Browse Articles

Review Article|01 Jan 2021|OPEN
Can gene editing reduce postharvest waste and loss of fruit, vegetables, and ornamentals?
Emma N. Shipman1,2, Jingwei Yu1,3,, Jiaqi Zhou1,3,, Karin Albornoz4 & Diane M. Beckles1,
1Department of Plant Sciences, University of California, Davis, CA 95616, USA
2Plant Biology Graduate Group, University of California, Davis, CA 95616, USA
3Graduate Group of Horticulture & Agronomy, University of California, Davis, CA 95616, USA
4Departamento de Produccion Vegetal, Universidad de Concepcion, Region del BioBio, Concepcion, Chile

Horticulture Research 8,
Article number: 1 (2021)
doi: 10.1038/hortres.2021.1
Views: 589

Received: 23 Jul 2020
Revised: 19 Oct 2020
Accepted: 23 Oct 2020
Published online: 01 Jan 2021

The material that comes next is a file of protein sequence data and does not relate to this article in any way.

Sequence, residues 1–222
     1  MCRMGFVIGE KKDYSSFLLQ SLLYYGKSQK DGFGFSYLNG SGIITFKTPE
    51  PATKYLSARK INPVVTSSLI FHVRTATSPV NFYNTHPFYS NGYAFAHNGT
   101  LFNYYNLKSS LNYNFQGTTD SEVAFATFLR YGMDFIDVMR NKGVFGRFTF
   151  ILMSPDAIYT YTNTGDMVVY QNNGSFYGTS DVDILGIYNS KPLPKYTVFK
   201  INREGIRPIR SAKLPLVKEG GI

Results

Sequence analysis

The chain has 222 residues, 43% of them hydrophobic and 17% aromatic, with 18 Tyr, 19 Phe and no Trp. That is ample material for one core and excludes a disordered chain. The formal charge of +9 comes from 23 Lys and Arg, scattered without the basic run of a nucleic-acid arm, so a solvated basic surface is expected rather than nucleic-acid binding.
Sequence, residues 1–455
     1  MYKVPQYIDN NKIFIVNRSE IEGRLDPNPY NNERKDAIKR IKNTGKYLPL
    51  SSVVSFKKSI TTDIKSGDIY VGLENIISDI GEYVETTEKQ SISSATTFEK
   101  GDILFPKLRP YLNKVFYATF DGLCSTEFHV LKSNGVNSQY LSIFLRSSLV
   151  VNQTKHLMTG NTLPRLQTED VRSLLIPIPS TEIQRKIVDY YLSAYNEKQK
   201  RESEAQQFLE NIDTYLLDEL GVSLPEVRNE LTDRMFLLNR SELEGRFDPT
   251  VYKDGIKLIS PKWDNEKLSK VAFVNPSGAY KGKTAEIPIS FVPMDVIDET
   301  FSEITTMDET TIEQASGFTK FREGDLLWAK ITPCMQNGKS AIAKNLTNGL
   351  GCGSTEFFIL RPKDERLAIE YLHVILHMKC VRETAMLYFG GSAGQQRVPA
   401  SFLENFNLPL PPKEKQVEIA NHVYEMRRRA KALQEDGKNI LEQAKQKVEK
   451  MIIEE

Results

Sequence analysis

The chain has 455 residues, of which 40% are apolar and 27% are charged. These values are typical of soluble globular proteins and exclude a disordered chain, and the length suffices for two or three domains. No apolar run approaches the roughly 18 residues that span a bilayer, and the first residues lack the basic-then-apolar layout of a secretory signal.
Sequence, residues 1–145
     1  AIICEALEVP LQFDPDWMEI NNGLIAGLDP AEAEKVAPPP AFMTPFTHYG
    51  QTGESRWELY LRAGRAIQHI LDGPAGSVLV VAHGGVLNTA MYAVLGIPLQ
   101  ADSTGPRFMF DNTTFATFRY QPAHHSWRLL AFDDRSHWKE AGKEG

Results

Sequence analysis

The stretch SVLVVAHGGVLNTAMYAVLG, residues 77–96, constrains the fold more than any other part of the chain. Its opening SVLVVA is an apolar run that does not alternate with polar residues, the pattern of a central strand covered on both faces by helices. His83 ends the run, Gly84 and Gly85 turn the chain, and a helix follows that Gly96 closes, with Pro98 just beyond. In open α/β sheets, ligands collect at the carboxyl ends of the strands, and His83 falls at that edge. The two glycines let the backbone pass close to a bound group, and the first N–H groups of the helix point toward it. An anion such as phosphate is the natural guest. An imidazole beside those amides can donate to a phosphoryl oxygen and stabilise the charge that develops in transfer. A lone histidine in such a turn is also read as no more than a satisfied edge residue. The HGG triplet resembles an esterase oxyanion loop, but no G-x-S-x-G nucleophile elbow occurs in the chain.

Postharvest waste and loss of horticultural crops exacerbates the agricultural problems facing humankind and will continue to do so in the next decade. Fruits and vegetables provide us with a vast spectrum of healthful nutrients, and along with ornamentals, enrich our lives with a wide array of pleasant sensory experiences. These commodities are, however, highly perishable. Approximately 33% of the produce that is harvested is never consumed since these products naturally have a short shelf-life, which leads to postharvest loss and waste. This loss, however, could be reduced by breeding new crops that retain desirable traits and accrue less damage over the course of long supply chains. New gene-editing tools promise the rapid and inexpensive production of new varieties of crops with enhanced traits more easily than was previously possible. Our aim in this review is to critically evaluate gene editing as a tool to modify the biological pathways that determine fruit, vegetable, and ornamental quality, especially after storage. We provide brief and accessible overviews of both the CRISPR–Cas9 method and the produce supply chain. Next, we survey the literature of the last 30 years, to catalog genes that control or regulate quality or senescence traits that are “ripe” for gene editing. Finally, we discuss barriers to implementing gene editing for postharvest, from the limitations of experimental methods to international policy. We conclude that in spite of the hurdles that remain, gene editing of produce and ornamentals will likely have a measurable impact on reducing postharvest loss and waste in the next 5–10 years.